If you live in the greater Kansas City area, chances are you could benefit from a rotator cuff massage. Why? Because cities in and around Kansas City are very high on “active cities” lists.
Healthy people are more active. Nearly all competitive sports and workouts involve the use of your shoulders, home of the infamous “rotator cuff.”
What is the Rotator Cuff?
There isn’t a single piece of anatomy that is called the “rotator cuff.” It’s not a bone, tendon, ligament, or single muscle.
The rotator cuff is actually a collection of four muscles that maintain stability and allow a nearly 360 degree range of motion in the shoulder joint. Because the shoulder is the most mobile of all the joints in your body, it’s also the most complicated.
While there are ligaments and tendons that provide some minor support to the humerus (long bone of the upper arm), your arm is basically connected to your body by these four muscles.
The Four Muscles of the Rotator Cuff
You can remember the four muscles of the rotator cuff by using the mnemonic “SITS.”
The Supraspinatus Muscle attaches to the top edge of the back of the scapula. It allows movement of the arm away from the body, a motion knows as “abduction.”
The Infraspinatus Muscle attaches to the main body of the scapula. It is the main stabilizer of the shoulder joint and allows external rotation of the arm.
The Teres Minor Muscle attaches to the outside edge of the scapula and is considered the “little brother” of Infraspinatus. It assists Infraspinatus in external rotation of the arm.
The Subscapularis Muscle attaches the front side of the scapula to the humerus. It is responsible for internal rotation and adduction (bringing closer to the body) of the upper arm. It is also primarily responsible for stabilizing the arm in the shoulder joint.
The Glenohumeral Joint
The technical name for the shoulder joint is the Glenohumeral (GH) joint. It is a ball and socket joint, meaning the head of the humerus is rounded and fits into a matching rounded space on the scapula. There are connective tissues that hold these bones together and provide smooth movement of these two bones together.
The entire joint is held together by the “resting action” of the rotator cuff muscles. This means that even when you are not actively moving your arm, the rotator cuff muscles remain tensed.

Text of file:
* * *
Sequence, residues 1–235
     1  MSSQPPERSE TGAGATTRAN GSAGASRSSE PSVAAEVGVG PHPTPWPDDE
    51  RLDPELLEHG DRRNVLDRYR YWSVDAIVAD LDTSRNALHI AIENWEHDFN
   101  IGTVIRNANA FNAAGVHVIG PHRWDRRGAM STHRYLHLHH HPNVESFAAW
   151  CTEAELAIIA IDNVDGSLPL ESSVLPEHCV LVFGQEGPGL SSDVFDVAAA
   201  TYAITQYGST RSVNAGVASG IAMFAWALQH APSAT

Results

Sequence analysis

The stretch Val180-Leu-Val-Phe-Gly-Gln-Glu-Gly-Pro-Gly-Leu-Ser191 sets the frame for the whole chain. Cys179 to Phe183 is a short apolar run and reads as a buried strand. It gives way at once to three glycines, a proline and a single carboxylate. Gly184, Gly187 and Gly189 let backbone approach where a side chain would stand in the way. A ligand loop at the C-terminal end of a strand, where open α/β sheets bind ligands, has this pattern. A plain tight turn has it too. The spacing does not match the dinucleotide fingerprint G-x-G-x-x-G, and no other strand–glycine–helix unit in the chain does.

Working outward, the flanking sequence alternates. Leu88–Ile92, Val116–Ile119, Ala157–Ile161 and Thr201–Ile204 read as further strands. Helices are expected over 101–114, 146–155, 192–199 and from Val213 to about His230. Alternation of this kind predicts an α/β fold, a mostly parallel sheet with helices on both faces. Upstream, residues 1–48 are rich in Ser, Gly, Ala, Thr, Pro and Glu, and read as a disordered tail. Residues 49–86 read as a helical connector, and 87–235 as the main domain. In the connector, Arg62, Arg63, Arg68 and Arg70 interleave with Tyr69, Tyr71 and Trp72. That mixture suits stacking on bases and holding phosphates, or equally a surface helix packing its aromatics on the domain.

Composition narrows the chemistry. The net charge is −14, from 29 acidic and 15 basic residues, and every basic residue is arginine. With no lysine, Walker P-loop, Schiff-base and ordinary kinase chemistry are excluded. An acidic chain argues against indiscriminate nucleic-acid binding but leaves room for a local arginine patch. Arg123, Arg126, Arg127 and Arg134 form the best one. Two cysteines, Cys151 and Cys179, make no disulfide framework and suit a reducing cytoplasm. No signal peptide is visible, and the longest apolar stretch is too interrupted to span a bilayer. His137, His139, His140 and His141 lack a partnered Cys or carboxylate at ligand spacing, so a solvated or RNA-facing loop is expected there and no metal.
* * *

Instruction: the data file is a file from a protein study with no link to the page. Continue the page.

As you can imagine, many of your daily and recreational activities require frequent movement of the shoulder. Repetitive or especially strenuous motion can cause pain and muscle tension in one or more of the SITS muscles.
Some of your daily activities that can be affected by SITS pain include:
- Computer and mouse usage
- Manual labor occupations such as:
- Assembly lines
- Massage Therapists (!)
- Personal grooming
The people of Kansas City love to workout and play sports. Most of these activities can be hampered by chronic rotator cuff pain:
- Racquet sports, such as:
- Pull-ups and shoulder presses
- Painting and drawing
Mobile Massage Therapy for Rotator Cuff Pain
You probably know about all the benefits of ordering a mobile massage in Kansas City. Added to that long list, is the reduction in aggravation of your rotator cuff muscles that can be caused by driving to your massage session.
When I arrive for your appointment to address your rotator cuff pain, I will begin by assessing the range of motion of your GH joint. I will ask you to show me the motions that cause the most pain. This is an important examination, as it can help identify the muscles that are in most need of massage.
If you’ve read through the articles on this website about the individual muscles involved, you will already know that shoulder pain can be hard to identify because of the unusual pain referral patterns of trigger points in the SITS muscles.
Using deep tissue and trigger point therapy, along with other advanced techniques, such as active release, PNF stretches, and Structural Integration, I’m confident that your Kansas City mobile massage session can resolve your rotator cuff pain.